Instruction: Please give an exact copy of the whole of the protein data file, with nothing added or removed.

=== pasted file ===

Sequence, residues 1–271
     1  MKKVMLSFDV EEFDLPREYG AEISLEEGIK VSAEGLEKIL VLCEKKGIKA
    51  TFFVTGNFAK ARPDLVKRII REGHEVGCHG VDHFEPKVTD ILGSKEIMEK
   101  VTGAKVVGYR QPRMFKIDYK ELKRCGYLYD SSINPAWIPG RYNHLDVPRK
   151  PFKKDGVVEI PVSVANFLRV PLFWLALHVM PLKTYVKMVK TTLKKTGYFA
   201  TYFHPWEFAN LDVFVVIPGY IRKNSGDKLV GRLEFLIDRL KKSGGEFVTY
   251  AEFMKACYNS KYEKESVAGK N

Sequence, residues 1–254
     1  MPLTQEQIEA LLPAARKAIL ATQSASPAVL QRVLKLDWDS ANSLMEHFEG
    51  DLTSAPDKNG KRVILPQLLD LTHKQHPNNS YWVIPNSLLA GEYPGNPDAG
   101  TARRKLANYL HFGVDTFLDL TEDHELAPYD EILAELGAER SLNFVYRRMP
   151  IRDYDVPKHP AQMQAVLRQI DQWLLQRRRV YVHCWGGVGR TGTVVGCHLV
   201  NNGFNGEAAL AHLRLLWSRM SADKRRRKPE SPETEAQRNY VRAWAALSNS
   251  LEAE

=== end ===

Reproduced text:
Sequence, residues 1–271
     1  MKKVMLSFDV EEFDLPREYG AEISLEEGIK VSAEGLEKIL VLCEKKGIKA
    51  TFFVTGNFAK ARPDLVKRII REGHEVGCHG VDHFEPKVTD ILGSKEIMEK
   101  VTGAKVVGYR QPRMFKIDYK ELKRCGYLYD SSINPAWIPG RYNHLDVPRK
   151  PFKKDGVVEI PVSVANFLRV PLFWLALHVM PLKTYVKMVK TTLKKTGYFA
   201  TYFHPWEFAN LDVFVVIPGY IRKNSGDKLV GRLEFLIDRL KKSGGEFVTY
   251  AEFMKACYNS KYEKESVAGK N

Sequence, residues 1–254
     1  MPLTQEQIEA LLPAARKAIL ATQSASPAVL QRVLKLDWDS ANSLMEHFEG
    51  DLTSAPDKNG KRVILPQLLD LTHKQHPNNS YWVIPNSLLA GEYPGNPDAG
   101  TARRKLANYL HFGVDTFLDL TEDHELAPYD EILAELGAER SLNFVYRRMP
   151  IRDYDVPKHP AQMQAVLRQI DQWLLQRRRV YVHCWGGVGR TGTVVGCHLV
   201  NNGFNGEAAL AHLRLLWSRM SADKRRRKPE SPETEAQRNY VRAWAALSNS
   251  LEAE